Portugal 2055: Science promoters launch Climate Change Comics
Published on June 29th, 2015
With summer knocking at the door, biologists from the National Museum of Natural History and Science in Lisbon, launched, here, on the 20th June, a book on climate change, whose main audience are young teenagers. The work was developed by ten illustrators and was scientifically reviewed by experts. The idea and script - the portrait of Portugal in 2055 – belongs to the biologist Bruno Pinto, who works at the institution and is a postdoctoral fellow of the Foundation for Science and Technology, and had the collaboration of colleague and illustrator Luís Filipe Lopes.
“Our goal is to use comics to reach a younger audience because we consider that to be more appealing. We saw that there were some publications, in Portugal, on climate change, but they were for a more adult audience and there was a lack of information designed for a young public”, says Luís Filipe Lopes in an interview to Clima@EduMedia.
One question that arises, when looking at the cover of the book, relates to the choice of the year in which the action unfolds. Bruno Pinto explains that most climate projections point to 2100. “We thought that scenario was too focused on the future to be relatable to today's teens”, he explains. “If we think of 2055, a 15-year-old will then be 55”, he adds. The science promoter also states that “it is very difficult to speculate what the world will be like in 2100”, but for 2055, it was possible to build “some plausible scenarios according to what science projects”.
Interested in this topic, and to develop the script and add some imagination and humour, the biologist focused on a theatrical experience of some of the texts he wrote for European Researchers' Night in 2013. They are fiction stories, based on real facts, supported by several books and reports from the project “Climate Change in Portugal. Scenarios, Impacts and Adaptation Measures” (SIAM), which he consulted. The comics also included the scientific review of expert Maria João Cruz from the research group “Climate Change Impacts & Adaptation Modelling”.
“Although it is fiction, there was always a concern of some rigor related to what is projected”
Coastal erosion, tourism, public health, among others, are some of the themes of the chapters of this book that aims to raise awareness among young people to this issue and for future scenarios which involve taking adaptation and mitigation measures. “Illustrators participated voluntarily and were able to choose the topics to illustrate. The book is divided into ten chapters, and each of them has an author behind it”, explains Luís Filipe Lopes.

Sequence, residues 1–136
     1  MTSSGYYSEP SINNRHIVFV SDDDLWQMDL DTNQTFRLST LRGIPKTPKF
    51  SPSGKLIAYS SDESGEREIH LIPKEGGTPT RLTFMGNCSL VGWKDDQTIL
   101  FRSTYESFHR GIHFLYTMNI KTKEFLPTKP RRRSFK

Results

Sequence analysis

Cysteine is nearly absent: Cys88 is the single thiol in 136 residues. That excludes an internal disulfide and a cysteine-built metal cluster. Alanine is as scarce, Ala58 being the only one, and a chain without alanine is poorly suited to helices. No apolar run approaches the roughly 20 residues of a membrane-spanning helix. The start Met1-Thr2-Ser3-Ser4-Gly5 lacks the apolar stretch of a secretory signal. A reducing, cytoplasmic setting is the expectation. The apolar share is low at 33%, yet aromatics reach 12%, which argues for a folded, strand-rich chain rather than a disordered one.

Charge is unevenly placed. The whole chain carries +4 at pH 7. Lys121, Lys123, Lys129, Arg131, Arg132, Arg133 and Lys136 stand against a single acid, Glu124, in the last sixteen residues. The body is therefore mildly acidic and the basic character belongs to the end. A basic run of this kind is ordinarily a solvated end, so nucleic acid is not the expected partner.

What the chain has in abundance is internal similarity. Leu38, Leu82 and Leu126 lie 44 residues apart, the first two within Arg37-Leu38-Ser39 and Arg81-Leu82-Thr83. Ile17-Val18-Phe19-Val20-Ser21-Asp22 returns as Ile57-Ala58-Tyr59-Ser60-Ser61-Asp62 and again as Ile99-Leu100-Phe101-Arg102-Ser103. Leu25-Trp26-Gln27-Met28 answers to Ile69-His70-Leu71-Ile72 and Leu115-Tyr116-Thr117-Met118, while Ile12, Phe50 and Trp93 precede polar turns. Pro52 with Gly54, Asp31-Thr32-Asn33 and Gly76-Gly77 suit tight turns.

In a collaborative teamwork between biologists and illustrators, some corrections and adjustments were necessary. “There have been some cases where the illustrators went a little too far, visually speaking, i.e. exaggerated a bit in terms of scenery and we had to tell them that the projection was not very plausible and that it was advisable to ask for an expert opinion”, tells Bruno Pinto. “Although it is fiction, there was always a concern of some rigor related to what was being projected”, he then added.
Funding came through a crowdfunding campaign, which ended in December 2014. After that date, there was also financial support from the coffee brand “Delta Cafés” and the Municipality of Torres Vedras. The paper edition had a print run of 370 copies.
The book, whose printing is the responsibility of the National Museum of Natural History and Science and “Associação Tentáculo”, to which Luís Filipe Lopes is also a member, is available for free on the Internet or can be purchased in the museum at a cost of 12 euros. The two researchers have been visiting some schools in Lisbon and the “feedback has been positive and the interaction very interesting”. The goal is to continue to publicise the book starting the beginning of the next school year. “If more funding is attributed, our idea is to do a reprint and increase circulation”, they added.
By: Renata Silva